In the present, the poor girl has grown into a poor woman who is fed up with life in Seoul. Deciding to start a business in Jeju, she gives all of her money to her cousin to start the process, and he screws up royally. She moves to Jeju to pick up the pieces of her disastrous failure. Enter boy from high school who is still rich but now even more immature and mean than he was before. Yay! Prince charming here to save the day! Not.

Awww, Jung Joo. Life in Jeju is a real struggle when she finds out that her cousin has bought a rotting and rickety property for cheap and run off to honeymoon in Brazil with all of her money. To make matters worse, after finding out her boyfriend is a cheater, her high school "prince charming", Gun Woo, reappears in her life. He's still far better off than she is, and his attitude stinks like a typical rich guy. But wait, not only is he rich and childish, he's running a failing restaurant in a town of people who hate him just because he's still in love with a terrible girl who treats him like dirt. And his older brother, Mr. Responsible Jung Geun, knows it. When Jung Joo's life is falling apart, Gun Woo comes to her aid through a series of misunderstandings and the loss of his car and credit card ("IF YOU DON'T BEHAVE I AM GROUNDING YOU" finally happened after over twenty years). They work together, though often at odds, to befriend the townspeople, mayor, and famous lady divers of Jeju to create a Warm and Cozy place where great food is served and love blossoms. It's a typical Hong Sisters drama. This show was a little slow to get started, but once it gained focus it became pretty addictive. I love the glimpses of native Jeju life from the perspective of two non-locals, the amazing food is amazing, and while Jung Joo and Gun Woo's relationship drove me insane most of the time, the push and pull is only natural for this extremely finicky pair. You will rip every piece of your hair out right during the middle drag zone, because this show will drag along at a snail's pace like nothing you have ever seen.  You will hate and love it simultaneously until all of those emotions have been exhausted. But there is redemption in the fact that this show incorporates a super sweet sideline romance, development of side characters, gorgeous scenery/filming, a family background mystery, lots of island culture, the Jeju language, and great food (did I already say the food is amazing?). It also employs great actors Kang So Ra and my beloved darling Yoo Yeon Seok. Watch it on a rainy day when you have no idea what drama you want to see, and it will, through the crazy, make you feel warm and cozy.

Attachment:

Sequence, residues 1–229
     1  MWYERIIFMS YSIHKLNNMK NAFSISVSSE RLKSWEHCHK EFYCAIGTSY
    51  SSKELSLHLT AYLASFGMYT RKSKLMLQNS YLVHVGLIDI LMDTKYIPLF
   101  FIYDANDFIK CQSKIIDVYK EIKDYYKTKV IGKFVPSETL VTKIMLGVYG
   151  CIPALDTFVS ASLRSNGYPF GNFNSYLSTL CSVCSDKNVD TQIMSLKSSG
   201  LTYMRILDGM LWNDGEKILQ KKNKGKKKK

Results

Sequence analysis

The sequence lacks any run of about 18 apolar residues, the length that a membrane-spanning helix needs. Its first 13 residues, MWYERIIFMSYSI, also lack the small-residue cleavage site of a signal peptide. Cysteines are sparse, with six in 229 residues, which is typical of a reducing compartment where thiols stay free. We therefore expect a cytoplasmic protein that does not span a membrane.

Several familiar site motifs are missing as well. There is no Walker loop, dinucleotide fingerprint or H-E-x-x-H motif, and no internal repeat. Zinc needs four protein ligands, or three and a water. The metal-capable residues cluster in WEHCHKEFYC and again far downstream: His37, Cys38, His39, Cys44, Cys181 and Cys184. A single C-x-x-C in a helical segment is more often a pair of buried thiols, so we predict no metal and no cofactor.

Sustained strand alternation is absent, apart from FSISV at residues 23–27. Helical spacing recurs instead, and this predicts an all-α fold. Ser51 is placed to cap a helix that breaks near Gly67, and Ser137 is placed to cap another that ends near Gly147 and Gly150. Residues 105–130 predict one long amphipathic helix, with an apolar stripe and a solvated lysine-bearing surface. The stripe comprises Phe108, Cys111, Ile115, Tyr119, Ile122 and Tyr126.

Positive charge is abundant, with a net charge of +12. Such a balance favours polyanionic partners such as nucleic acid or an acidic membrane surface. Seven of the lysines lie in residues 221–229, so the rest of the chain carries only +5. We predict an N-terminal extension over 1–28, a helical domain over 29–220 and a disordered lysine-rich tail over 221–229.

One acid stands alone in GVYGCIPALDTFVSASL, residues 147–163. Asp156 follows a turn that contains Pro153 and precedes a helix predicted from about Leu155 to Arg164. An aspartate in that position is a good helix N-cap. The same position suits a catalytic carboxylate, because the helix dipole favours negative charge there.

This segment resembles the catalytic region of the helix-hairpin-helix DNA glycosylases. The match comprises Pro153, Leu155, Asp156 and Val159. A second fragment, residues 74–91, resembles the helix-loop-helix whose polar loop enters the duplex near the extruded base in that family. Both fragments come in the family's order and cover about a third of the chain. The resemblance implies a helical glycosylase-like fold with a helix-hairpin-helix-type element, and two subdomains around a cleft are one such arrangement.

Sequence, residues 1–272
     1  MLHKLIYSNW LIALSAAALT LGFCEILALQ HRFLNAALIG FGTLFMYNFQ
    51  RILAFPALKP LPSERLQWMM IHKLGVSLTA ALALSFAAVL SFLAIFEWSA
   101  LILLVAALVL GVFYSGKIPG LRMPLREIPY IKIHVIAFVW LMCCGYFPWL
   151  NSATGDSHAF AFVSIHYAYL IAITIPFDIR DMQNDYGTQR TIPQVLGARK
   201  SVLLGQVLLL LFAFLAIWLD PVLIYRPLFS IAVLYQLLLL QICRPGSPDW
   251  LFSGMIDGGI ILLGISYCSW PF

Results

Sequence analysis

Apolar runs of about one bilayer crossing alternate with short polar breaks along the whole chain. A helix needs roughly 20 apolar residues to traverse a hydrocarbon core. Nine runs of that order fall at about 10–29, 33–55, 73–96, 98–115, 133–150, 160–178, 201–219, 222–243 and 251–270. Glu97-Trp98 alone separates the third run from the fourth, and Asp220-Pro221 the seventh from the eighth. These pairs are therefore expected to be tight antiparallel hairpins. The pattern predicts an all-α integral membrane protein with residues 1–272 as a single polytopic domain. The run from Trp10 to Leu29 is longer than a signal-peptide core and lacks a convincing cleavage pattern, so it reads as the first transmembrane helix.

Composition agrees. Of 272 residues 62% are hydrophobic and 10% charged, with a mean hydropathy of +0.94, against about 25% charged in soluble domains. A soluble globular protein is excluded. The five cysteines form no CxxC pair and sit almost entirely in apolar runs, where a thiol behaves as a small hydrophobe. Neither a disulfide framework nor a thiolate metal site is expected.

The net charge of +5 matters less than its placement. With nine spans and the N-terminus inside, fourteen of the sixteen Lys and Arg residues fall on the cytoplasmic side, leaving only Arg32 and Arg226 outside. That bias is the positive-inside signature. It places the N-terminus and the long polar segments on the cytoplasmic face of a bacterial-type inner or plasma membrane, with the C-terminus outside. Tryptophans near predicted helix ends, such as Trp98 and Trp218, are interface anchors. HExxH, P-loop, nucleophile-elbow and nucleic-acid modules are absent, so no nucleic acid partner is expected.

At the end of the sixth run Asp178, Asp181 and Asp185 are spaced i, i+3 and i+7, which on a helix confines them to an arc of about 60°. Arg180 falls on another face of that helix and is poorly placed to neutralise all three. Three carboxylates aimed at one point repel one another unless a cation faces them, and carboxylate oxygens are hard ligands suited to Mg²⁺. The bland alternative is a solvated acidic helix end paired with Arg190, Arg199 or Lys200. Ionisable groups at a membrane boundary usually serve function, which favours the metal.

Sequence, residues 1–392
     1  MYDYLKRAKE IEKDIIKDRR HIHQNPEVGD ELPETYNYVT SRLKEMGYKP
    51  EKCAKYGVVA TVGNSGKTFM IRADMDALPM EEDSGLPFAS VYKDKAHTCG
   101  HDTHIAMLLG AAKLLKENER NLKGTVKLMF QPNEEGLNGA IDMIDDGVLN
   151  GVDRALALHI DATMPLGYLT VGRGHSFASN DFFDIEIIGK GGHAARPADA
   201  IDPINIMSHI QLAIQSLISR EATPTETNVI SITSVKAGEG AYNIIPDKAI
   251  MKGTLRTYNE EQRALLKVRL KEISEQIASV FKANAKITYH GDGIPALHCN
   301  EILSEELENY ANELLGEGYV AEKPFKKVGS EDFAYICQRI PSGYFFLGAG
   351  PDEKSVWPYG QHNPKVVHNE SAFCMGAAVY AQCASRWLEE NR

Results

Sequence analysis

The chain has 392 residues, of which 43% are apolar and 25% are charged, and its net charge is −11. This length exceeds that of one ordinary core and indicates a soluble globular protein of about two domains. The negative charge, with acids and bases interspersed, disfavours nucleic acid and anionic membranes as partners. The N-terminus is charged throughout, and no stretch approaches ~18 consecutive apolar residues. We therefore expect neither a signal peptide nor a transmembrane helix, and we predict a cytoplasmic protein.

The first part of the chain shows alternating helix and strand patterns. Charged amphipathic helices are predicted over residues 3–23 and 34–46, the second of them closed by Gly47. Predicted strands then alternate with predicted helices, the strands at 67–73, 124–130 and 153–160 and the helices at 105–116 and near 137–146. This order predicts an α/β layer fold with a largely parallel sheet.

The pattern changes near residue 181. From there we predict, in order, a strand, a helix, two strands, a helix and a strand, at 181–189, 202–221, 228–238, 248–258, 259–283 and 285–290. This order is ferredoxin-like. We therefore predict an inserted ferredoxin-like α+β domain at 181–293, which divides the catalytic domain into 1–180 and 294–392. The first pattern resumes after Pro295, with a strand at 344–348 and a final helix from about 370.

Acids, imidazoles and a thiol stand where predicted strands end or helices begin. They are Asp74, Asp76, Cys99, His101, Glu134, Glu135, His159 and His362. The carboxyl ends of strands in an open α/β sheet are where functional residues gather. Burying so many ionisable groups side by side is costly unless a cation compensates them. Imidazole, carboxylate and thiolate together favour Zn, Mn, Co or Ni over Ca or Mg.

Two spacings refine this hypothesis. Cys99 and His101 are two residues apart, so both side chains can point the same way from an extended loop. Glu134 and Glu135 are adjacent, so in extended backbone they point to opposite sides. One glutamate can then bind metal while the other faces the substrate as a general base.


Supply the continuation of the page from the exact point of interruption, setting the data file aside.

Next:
HONORABLE MENTIONS (because it's hard to condense K-dramas into one post):

Oh My Ghostess!---unique plot, great characters, KIM SEULGI. Love her.
Sensory Couple/The Woman Who Sees Smells---that murder plot though. Also, Park Yoochun.
Tomorrow Cantabile---please marry me cello guy (read: Park Bo Geom). Also, Joo Won. You just want to hug both of them.

And there you have it. Check out these amazing 2015 dramas when you get the chance. You won't be disappointed!


Monday, February 15, 2016

The Waltz

I waltz alone in the blue light of dawn
One, two, three, four,
Rhythmic swaying in the delicate moment
Nearly silent, if not for music,
Drifting in the air, not to be shared with you
Coffee in hand, piping hot, not to be shared with you
One, two, three, four
Heart aching with want and for what, not to be shared
With you, at least, as I imagine
It does so for want of you--it knows no better!
Than wanting, and it knows not the pleasure
Nor possession of this dawn,
Not to be shared with you, or anyone, at all.